This would be our last day at South Georgia – the next few days would gradually take us closer and closer to the continent of Antarctica. To make the most of the remaining time we had a wake-up call at 05:45 and got some pastries from the bar before setting off in zodiacs to Gold Harbour. This harbour is home to 25,000 breeding pairs of King Penguins, and also to Gentoo penguins and Light-mantled Sooty Albatrosses.
At 06:30 we headed ashore, though apparently it came close to being cancelled despite there being a clear blue sky and a calm sea, because there was almost too much wildlife on the beach. To safely navigate passed the Southern Elephant Seals there were markers laid out by the guides so we could weave through those that were sleeping. As we wound through we did occasionally see some of them fight – they really are a big and imposing sight to see them fight.
Eventually we made it through, slowly, to the King Penguin colony. This colony seemed amazingly massive and some of them on the outside occasionally exposed the egg that many of them had resting on their feet. All around the beach were impressive mountainous glaciers, the runoff from which had created a freshwater stream that ran down to the sea. In the stream were some of the juvenile penguins.
Amazingly it was warm enough to only need a baselayer, so much so that the expedition leader was sunbathing at the beachhead whilst everyone else was busy admiring the landscape and the wildlife. It was then a nice easy boat ride back to the ship for breakfast.
On the way to our next stop we came across a pod of three young humpback whales, though they were still about the same size as the Southern Right Whale we saw previously. Whilst we were busy standing out on deck in the cold trying to photograph these whales there were also penguins swimming passed the side of the boat – they must have been going at quite some speed to overtake us! Eventually the whales disappeared into the distance so we could head back into some warmth. I would have gladly stayed outside longer though if the whales had stuck around.
It took a couple of hours to move along the coast to the tip of the mainland at Cooper Bay. From where we stopped we could see a nearby island also, though it was the mainland we headed to by zodiac. To speed up this visit half of the passengers went on a cruise whilst the rest went to the shore. As we were on one of the early boats we headed to shore first. As we got off a chinstrap penguin waddled past, but disappeared into the sea before I could get my camera ready. This was the first one we’d seen, but was hopeful that we’d see more.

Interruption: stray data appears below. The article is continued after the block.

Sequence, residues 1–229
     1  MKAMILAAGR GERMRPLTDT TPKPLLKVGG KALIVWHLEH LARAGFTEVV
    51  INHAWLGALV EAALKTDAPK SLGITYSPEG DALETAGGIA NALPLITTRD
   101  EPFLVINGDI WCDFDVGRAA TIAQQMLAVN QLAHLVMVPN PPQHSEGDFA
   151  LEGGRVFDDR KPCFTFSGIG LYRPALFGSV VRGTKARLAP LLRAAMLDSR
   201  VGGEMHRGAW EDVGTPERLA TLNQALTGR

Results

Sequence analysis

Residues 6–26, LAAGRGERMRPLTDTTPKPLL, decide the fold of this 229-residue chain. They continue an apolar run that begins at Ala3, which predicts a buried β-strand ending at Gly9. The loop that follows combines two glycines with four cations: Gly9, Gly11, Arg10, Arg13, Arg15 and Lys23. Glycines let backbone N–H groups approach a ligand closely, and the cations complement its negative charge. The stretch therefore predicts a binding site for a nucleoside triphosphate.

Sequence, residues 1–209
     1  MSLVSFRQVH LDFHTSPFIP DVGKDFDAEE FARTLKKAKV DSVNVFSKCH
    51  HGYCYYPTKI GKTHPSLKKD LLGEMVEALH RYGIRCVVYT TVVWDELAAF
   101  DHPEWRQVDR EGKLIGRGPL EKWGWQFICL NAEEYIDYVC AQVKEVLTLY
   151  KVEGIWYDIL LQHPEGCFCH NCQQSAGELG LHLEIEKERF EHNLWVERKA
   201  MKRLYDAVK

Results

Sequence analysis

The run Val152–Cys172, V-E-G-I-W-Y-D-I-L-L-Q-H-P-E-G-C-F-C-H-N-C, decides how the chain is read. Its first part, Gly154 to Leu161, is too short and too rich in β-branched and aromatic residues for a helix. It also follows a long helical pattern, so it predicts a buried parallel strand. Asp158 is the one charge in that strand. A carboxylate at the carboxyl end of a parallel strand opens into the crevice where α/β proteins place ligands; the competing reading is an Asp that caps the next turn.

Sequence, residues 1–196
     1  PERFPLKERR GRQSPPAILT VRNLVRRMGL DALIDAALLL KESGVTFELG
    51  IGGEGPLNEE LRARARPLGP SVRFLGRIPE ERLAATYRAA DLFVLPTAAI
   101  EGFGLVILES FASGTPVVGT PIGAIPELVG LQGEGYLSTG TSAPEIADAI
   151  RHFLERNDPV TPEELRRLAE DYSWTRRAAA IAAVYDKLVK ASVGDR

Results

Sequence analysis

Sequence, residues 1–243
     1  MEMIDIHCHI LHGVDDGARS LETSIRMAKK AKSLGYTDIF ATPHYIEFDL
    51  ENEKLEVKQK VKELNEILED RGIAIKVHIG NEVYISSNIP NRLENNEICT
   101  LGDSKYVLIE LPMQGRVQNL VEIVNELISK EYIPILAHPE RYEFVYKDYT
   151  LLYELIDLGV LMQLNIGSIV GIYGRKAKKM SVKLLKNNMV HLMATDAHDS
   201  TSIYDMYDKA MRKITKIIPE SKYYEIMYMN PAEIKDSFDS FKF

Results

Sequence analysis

We then hiked up a stream and through some very muddy ground until we arrived at number of Macaroni penguins. This bit felt rushed as it was pretty much like being on a conveyor belt to take photos. It was so muddy that at one point I sank in it almost to the top of my rubber boots. It was hard work getting out of it without losing the boot!
When we were back on the zodiac we then went out on a cruise to explore some of the nearby coast. This was so slow going due to swells causing some fairly large waves. Eventually we made it passed some Chinstrap and Macaroni penguins sitting on bits of rock in the sea, and on to some pretty impressive rock formations that reminded me of “The Gates of Argonath” out of The Lord of the Rings, especially because we were on a small boat.
The ride back was a fairly wet one as this time we were against the current, though it was still nowhere near as wet as some of the days around the Falkland Islands. Once we’d boarded the ship it was time for dinner and to set off on our voyage to the Antarctic peninsula.
In the afternoon we passed Cape Disappointment, named such by Captain James Cook when he realised what he found was not the continent he was expecting. Not long after there was a lecture on the Whaling history of South Georgia and Antarctica. During this we were shown a video produced at the time that whaling was happening, which talked about the processing of them and the uses they had. It seems such a disgrace that nations could allow this to happen after whales were driven to such rarity in the North previously. It’s even more unbelievable that some nations continue to illegally hunt whales today.
Later in the afternoon we saw some truly massive icebergs on the horizon, the first of many we expected to see over the next few days. A while after this there was a recap going over the past few days events. The first part of this discussed Southern Right Whales which one has been known to have lived for at least 120 years, dated due to a piece of a harpoon found lodged in it. We were also told a little about the geology of the area and the plans for the next few days at sea.
The evening meal was reindeer steaks, svetsle, a type of pasta, followed by creme brulee. I was hopeful for an early night to get some rest after a long day, but the neighbouring cabin was pretty noisy.